The Progressive


A project of Common Dreams

For Immediate Release
Contact: Steve Rendall,,Tel: 212-633-6700 x13

WaPo's New Rule of Journalism? On Healthcare: Don't Follow The Money


The Washington Post's Shailagh Murray (11/17/09)
wrote a profile of Sen. Blanche Lincoln (D.-Ark.) as one of the
Democratic senators most likely to break with the rest of the party on
healthcare reform. The article seemed to invert the advice Deep Throat
once gave to the Post's Woodward and Bernstein into a new rule: Don't follow the money.

Headlined "A Centrist in Healthcare Debate, Lincoln Hears It From All
Sides," the piece presented Lincoln's stance as something of a puzzle:
"Hundreds of thousands of Lincoln's constituents are low-income and
lack insurance, the very kind of voters expected to benefit under the
Senate bill."

Murray described the senator as facing a dilemma:

low-profile centrist is being pressed by both sides. Democratic
activists are incensed that she has turned against the public option,
an idea she once supported. Republicans are casting her cautious
approach to the healthcare debate in starkly political terms, saying
that she is unwilling to put local interests above those of a president
who lost the state by a resounding 20 percentage points.

She even acknowledged the forces lining up against the politician:

In the process, Lincoln has riled liberal groups including,
which is targeting her with radio ads, direct mail and rallies outside
two of her Arkansas offices. Perhaps more ominously, MoveOn--working
with the liberal group Democracy for America--has amassed $3.5 million
in pledges to fund primary challenges against any Democratic senator
who sides with Republicans to block an up-or-down vote on a bill with a
public option.

That would seem to raise another question: Who's keeping her IN power?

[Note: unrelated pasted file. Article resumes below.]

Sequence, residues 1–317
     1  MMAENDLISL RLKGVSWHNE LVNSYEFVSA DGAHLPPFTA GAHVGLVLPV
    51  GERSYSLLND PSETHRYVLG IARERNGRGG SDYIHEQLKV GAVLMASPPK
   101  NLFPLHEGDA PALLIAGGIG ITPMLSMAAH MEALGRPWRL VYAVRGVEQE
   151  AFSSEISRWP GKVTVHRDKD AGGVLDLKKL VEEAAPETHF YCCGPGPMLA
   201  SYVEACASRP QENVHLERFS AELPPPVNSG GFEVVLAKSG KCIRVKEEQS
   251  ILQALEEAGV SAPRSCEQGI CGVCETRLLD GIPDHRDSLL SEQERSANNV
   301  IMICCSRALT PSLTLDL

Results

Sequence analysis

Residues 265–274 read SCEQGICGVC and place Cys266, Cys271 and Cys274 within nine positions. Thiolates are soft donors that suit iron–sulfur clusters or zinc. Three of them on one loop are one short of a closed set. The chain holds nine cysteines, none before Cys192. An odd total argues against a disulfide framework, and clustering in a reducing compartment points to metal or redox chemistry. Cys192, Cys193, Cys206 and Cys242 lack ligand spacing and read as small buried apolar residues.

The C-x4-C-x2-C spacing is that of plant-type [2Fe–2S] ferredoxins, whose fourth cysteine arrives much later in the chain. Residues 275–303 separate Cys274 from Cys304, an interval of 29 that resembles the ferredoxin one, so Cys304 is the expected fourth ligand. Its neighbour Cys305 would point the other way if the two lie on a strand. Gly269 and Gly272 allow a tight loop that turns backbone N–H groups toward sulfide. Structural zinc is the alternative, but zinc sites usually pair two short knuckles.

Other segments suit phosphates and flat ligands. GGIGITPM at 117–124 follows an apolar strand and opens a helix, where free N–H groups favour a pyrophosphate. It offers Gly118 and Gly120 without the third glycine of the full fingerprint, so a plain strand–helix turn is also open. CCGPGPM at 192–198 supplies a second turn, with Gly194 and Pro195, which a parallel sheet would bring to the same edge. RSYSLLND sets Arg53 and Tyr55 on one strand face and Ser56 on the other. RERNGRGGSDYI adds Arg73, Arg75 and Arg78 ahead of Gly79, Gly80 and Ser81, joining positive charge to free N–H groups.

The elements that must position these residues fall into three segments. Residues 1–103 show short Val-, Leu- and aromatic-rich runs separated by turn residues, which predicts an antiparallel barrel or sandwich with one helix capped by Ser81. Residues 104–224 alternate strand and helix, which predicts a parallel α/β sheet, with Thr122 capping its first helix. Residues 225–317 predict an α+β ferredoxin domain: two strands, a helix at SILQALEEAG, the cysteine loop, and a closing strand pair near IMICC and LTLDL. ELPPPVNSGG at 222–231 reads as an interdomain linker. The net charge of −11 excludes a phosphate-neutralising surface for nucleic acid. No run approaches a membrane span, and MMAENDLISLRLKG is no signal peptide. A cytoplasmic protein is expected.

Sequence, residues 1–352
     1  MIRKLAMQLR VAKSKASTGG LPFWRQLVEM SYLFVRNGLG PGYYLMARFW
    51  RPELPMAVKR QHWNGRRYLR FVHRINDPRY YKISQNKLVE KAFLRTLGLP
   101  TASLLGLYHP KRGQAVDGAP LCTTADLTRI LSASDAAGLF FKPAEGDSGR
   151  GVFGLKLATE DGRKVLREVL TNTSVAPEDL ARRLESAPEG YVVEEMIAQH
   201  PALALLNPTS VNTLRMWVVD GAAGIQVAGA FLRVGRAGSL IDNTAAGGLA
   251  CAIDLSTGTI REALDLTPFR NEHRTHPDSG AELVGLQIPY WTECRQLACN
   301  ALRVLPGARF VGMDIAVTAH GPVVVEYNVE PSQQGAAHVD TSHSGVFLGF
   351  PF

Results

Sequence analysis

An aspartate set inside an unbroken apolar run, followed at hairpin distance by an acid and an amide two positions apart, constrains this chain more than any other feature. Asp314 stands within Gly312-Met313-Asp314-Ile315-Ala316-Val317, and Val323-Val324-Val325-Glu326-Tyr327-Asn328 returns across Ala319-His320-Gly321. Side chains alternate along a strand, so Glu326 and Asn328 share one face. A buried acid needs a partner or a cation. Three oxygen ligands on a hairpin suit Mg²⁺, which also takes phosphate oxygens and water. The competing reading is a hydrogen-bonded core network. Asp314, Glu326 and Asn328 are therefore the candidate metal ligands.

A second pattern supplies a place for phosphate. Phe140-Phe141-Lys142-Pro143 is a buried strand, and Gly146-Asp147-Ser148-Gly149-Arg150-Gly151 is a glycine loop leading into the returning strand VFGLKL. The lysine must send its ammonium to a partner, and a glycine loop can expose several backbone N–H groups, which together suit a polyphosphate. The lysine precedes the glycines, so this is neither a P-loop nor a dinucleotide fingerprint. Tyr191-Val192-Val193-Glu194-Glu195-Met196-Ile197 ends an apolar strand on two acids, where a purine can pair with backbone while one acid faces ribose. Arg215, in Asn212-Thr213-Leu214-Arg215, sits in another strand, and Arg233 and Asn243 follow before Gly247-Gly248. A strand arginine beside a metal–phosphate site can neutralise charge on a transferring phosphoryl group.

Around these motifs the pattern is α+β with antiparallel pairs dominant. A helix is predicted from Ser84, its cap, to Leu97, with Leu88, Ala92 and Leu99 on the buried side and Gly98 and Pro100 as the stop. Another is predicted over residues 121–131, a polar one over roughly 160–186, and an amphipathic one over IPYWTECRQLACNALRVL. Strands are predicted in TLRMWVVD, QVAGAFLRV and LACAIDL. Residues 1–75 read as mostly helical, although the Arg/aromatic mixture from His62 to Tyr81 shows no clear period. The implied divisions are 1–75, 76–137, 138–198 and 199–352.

The Center for Responsive Politics has some background on that from the second quarter of this year--information the Post apparently doesn't consider important:

Majority Leader Harry Reid (D-Nev.) has brought in the most from the
health sector so far this year at $394,400, followed by Senate Finance
Committee member Blanche Lincoln (D-Ark.), who collected $324,350, and
former Republican Sen. Arlen Specter (D-Pa.), who brought in $266,100.
All three senators are up for re-election in 2010.

Of all the lawmakers on the five committees debating healthcare reform,
Lincoln has brought in by far the most money from the healthcare
sector--26 percent more than the runner-up, Sen. Charles Schumer
(D.-N.Y.), who took in $257,400. For the 2005-10 election cycle, the
healthcare sector has been Lincoln's most generous source of support,
giving her a total of $763,000 from individuals and political action

The Watergate-era lesson to "follow the money" is supposedly part of
modern journalistic culture--a motto of the savvy journalist who
understands that large amounts of money have the power to influence
people's behavior. But as FAIR's magazine Extra! recently showed (11/09),
coverage of healthcare reform in the corporate media has generally
failed to document the links between industry largesse and the
political maneuvers of "centrist" Democrats like Blanche Lincoln. If
the newspaper that got the message directly from Deep Throat doesn't
follow his advice, who else will?

Ask Washington Post
ombud Andy Alexander why the paper's November 17 profile of Sen.
Blanche Lincoln, which focused on her position on healthcare reform,
neglected to mention Lincoln's financial support from the healthcare

Washington Post
Andy Alexander, Ombud

FAIR, the national media watch group, has been offering well-documented criticism of media bias and censorship since 1986. We work to invigorate the First Amendment by advocating for greater diversity in the press and by scrutinizing media practices that marginalize public interest, minority and dissenting viewpoints.